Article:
You gotta love party-line hypocrisy.
The crimes that your team commit are easily forgiven.
The crimes that the other team commits are not.
And today, there is no clearer example than an editorial in the Post and Courier about Rep. Andrew Weiner.
I'm of two opinions on this:
1. He lied so he should go.
2. Political office is not the place for honest men.
Truth be told, I'd like to see our elected officials be honest men and women, but sadly honest men and women don't run for public office.
So what are we to do? Vote all the bums out? Nah. They won't happen. Go on a dirty laundry witch hunt? Nah. Too prudish.
In the end, the only thing we can do is sigh and just hope that our lying bastard doesn't get caught in his lies.
The P&C doesn't see it this way, apparently. And in the case of disgraced New York Rep. Andrew Weiner, they think he should resign, posthaste.
However, Rep. Weiner said Monday that he broke no laws and intends to remain in Congress as long as his constituents support him.
He also said, "This was me doing a dumb thing, and doing it repeatedly, then lying about it."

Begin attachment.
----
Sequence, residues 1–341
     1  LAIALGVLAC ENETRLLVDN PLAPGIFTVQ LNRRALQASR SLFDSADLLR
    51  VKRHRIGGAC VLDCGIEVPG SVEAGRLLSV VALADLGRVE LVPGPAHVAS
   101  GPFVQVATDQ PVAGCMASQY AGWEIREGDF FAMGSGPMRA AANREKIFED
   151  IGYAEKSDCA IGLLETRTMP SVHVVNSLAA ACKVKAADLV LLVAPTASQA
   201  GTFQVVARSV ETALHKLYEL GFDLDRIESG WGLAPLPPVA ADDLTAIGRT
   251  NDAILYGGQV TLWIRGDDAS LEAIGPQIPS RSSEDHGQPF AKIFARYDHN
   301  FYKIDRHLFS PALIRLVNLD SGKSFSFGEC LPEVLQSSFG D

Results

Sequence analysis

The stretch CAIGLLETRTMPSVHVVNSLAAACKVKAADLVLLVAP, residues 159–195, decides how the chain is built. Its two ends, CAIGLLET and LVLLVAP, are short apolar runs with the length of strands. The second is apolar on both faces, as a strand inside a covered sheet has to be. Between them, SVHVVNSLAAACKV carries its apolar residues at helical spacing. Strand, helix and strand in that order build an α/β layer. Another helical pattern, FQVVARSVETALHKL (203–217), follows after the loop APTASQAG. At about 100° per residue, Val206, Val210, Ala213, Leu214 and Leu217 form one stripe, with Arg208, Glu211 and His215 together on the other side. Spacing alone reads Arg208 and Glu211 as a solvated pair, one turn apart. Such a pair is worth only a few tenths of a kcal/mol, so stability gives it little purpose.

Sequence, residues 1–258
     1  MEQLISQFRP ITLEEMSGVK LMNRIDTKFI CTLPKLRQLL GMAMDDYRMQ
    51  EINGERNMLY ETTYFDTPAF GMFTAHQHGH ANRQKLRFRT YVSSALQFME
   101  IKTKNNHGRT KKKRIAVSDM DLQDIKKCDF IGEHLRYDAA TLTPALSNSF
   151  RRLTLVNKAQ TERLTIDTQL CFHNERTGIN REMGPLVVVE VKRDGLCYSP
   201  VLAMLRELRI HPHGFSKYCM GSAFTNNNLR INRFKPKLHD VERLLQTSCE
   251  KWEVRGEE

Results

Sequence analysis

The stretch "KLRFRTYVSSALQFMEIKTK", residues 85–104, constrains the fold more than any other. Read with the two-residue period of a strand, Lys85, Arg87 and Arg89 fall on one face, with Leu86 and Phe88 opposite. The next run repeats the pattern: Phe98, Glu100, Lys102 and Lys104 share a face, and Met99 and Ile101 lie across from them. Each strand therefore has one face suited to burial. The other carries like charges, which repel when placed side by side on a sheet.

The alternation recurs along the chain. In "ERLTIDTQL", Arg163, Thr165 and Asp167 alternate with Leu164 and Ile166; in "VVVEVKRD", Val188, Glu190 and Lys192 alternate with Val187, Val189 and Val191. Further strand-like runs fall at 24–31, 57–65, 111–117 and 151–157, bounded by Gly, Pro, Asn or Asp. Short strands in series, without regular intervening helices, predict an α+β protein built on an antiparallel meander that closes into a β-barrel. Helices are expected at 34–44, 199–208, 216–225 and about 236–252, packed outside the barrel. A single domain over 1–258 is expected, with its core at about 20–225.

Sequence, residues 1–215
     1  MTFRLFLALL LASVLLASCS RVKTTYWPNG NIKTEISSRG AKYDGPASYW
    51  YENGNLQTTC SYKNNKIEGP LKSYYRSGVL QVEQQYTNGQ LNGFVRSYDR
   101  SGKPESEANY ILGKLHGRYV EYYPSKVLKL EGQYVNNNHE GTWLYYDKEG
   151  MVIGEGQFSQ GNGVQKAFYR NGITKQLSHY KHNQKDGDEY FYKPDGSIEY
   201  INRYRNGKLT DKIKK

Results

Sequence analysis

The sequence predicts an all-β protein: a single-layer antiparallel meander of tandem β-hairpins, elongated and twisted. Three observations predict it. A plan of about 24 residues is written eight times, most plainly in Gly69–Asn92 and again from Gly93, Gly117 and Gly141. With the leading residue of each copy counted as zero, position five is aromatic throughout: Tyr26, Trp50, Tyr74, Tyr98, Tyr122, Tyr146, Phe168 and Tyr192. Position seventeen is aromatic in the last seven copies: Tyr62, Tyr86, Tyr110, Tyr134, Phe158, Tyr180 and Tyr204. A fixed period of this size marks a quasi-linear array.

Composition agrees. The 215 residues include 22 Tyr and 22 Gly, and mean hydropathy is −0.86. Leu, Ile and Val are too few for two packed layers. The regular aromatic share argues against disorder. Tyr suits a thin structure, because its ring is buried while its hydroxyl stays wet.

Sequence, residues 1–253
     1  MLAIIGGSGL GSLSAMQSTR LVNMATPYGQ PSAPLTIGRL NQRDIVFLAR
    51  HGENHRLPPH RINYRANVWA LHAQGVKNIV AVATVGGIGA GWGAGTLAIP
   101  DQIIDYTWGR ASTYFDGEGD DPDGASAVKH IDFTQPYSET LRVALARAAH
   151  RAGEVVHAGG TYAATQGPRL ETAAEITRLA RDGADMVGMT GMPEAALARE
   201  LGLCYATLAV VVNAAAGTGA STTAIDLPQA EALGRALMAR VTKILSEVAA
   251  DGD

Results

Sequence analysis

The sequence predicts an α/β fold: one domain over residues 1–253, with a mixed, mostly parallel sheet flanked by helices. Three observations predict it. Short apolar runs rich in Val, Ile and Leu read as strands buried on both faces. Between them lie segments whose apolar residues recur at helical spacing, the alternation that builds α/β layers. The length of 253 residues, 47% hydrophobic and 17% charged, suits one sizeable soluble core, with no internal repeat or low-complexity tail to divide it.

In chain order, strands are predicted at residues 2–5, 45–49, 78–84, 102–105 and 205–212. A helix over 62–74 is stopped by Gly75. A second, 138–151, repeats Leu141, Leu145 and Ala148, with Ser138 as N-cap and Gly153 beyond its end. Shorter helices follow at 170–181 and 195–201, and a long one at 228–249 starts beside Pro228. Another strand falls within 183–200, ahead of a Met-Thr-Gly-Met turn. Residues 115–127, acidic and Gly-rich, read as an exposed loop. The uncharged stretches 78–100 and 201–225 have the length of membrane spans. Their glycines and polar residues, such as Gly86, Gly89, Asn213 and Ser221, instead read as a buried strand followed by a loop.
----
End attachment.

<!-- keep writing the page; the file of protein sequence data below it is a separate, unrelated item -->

Yet what he did was far worse than dumb — even if he hadn't lied about it.
Losing your keys is "doing a dumb thing." Sending vulgar pictures of yourself to women is doing a disgusting thing unworthy of a member of the U.S. House.
Now it's up to Minority Leader Pelosi and other top Democrats to clean House by convincing — forcing, if needed — Rep. Weiner to do the right thing and resign.
As you know, Weiner may have sent explicit photos of his willie to other women — some while he was married — but he never committed the textbook definition of adultery.
Unlike former S.C. Gov. Mark Sanford.
You won't believe what the P&C said about the Luv Guv back in 2009 when his extramarital affair came to light:
Meanwhile, the governor's legislative critics continue to focus on his unexplained absence from the state and the lack of dependable information regarding his whereabouts. That's a legitimate area of public concern, and it's safe to reclassify that mistake as a lesson learned.
Gov. Sanford has resigned as chairman of the Republican Governors Association, which should limit further distractions to the national party. Just a few days ago, the governor was mentioned as a possible presidential candidate, but it's likely that his high mark on the national political scene has come and gone.
But Mr. Sanford says he will not resign as governor.
His personal errors of judgment shouldn't disqualify him from continuing to serve as the state's chief executive. The contrite governor should do what he can to repair his personal life and minimize further distractions from his job.